There is plenty of demand for Australian-protected cropping exports, particularly in Asia, but there are several challenges surrounding supply, according to the peak industry body.

Executive Officer Sam Turner told the PCA Conference in Brisbane that it is important that people within the industry think creatively about how to add value to their products.

"To export, we deeply need to understand what we are trying to do and understand the markets that we are going into," Mr. Turner explained. "We need to understand consumers that are in that market and what they value from your product. We need to think creatively about how we can deliver that value to the market; it may not be that you are delivering a piece of fruit or a crop but exporting a technique that you are using on the farm. So, give the people what they want and tell them a story because that intrinsic value add is something that we often miss, and it is really important to our trading partners. The rest of the world is crying out for our product, we just have to work out how to get it there and to make money - we do that through marketing and being deliberate about what we are doing."

But Mr. Turner did highlight some challenges to exporting, including the cost of production in Australia, international protocols, capacity and market penetration, logistical challenges, and non-tariff barriers such as port congestion.

The conference also heard from Mike Evans from Fresh Partners Marketing, who highlighted that it is consumers are driving the industry because they are the ones who ultimately are introducing 'real money' into the system, therefore they need to be made feel important rather than it just be a bland transactional process.

"We (growers and sellers) are not the hero," Mr. Evans said. "Our job is to make the consumer at the shop feel like the hero. Our job, whether we have structures or knowledge, whatever you are doing - don't make it about yourselves. If you start telling consumers about how good you are and what infrastructure you have, they'll say, 'that means you will charge more for it.' If we change the story around and say, you can use our produce to help your family at a certain time of the day, you suddenly make them feel like the hero and like they are doing an important job."

It was not just marketing and exporting, but delegates also attended dedicated presentation sessions themed around New Crops and Production Systems, Industry Development, Root Zone and Substrate, and Post-Harvest and Food Safety. There were keynote speakers from Henry Gordon-Smith and Professor Paul Gauthier, and five students presented their research and development projects.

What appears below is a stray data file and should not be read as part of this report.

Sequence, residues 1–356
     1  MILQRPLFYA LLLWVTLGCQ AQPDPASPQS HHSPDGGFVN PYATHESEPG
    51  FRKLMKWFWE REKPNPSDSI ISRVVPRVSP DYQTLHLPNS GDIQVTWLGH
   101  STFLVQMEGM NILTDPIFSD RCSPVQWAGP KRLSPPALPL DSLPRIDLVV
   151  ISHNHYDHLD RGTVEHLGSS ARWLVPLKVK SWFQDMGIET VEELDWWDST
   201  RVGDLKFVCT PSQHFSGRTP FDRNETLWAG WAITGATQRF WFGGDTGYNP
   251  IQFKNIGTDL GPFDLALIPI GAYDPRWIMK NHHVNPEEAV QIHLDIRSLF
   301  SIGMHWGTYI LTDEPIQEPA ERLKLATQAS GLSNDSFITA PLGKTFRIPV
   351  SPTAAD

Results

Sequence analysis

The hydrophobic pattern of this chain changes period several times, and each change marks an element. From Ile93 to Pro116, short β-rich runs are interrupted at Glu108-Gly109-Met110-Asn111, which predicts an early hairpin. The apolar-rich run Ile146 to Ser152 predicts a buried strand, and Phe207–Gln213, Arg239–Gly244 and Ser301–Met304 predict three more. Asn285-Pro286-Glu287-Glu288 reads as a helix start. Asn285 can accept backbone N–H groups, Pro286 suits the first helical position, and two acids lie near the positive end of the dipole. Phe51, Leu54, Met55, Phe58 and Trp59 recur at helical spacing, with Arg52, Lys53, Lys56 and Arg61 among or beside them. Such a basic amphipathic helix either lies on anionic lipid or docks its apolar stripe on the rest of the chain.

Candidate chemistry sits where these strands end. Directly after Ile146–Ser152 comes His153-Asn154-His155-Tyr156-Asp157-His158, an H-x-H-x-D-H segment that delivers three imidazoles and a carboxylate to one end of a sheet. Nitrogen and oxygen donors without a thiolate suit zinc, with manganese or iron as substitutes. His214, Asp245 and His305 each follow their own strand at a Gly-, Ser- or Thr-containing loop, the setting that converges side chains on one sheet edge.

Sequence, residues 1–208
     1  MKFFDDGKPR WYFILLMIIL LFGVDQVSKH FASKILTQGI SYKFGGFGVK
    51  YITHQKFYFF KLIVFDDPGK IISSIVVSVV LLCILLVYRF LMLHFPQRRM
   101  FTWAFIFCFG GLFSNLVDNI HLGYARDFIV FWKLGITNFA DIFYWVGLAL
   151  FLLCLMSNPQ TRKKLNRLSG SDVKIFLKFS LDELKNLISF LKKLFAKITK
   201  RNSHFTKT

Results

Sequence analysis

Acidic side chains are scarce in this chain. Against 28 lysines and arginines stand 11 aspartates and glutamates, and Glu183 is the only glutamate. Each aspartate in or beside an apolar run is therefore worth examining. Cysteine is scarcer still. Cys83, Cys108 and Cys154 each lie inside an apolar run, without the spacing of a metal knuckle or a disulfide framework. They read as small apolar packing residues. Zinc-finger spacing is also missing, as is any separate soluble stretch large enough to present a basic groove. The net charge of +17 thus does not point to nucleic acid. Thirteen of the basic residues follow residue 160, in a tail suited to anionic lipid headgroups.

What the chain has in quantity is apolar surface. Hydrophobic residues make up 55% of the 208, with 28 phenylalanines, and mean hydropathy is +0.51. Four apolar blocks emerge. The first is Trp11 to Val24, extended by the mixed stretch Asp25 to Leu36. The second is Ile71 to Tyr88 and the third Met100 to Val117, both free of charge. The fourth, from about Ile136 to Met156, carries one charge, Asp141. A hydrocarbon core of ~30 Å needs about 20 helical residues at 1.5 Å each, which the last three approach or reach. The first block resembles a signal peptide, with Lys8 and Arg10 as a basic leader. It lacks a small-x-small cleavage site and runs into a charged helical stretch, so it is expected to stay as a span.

Heidi Wiggenhauser from Queensland's Department of Agriculture and Fisheries (DAF) explained some of the specialty crops that were being grown and researched by her department in the tropical areas of the state. This included specialty melons, ginger, turmeric, specialty pumpkins, squash, zucchini, flat beans, dragon fruit, rambutan, papaya, and bananas.

"Overseas, there are many of these crops that are already grown with protected cropping," Ms Wiggenhauser said. "As with any agriculture investment, the grower will need to identify the market opportunities and develop the production systems. At DAF, we are supporting the development of new crop opportunities through research projects, and we explore where protected cropping can be beneficial to the horticultural industry in not only Queensland but Australia."

There was also a session on medicinal cannabis, where delegates heard from grower Andrew Olley on how he has been able to keep growing costs down, as well as research projects into agronomy, pathology, and entomology, and another one on the importance of sex expression in cannabis sativa. The session opened with a presentation from Lucy Haslam, who has led the progression of medicinal cannabis in the country after she witnessed the dramatic relief of her son Dan who battled bowel cancer.

Emily Rigby also presented on the future of the cannabis industry in Australia, and while she admitted that across the country, it is not where it should be due to the high regulatory processes imposed by governments, she is optimistic that more growers across the country will come on board. As well as a medicinal purpose, she explored potential products from the plant, including food, drinks, ornamental, and neutraceuticals, as well as boosting tourism markets.

The industry dinner was also held Wednesday night, and then the four-day event concluded with farm tours across the region today.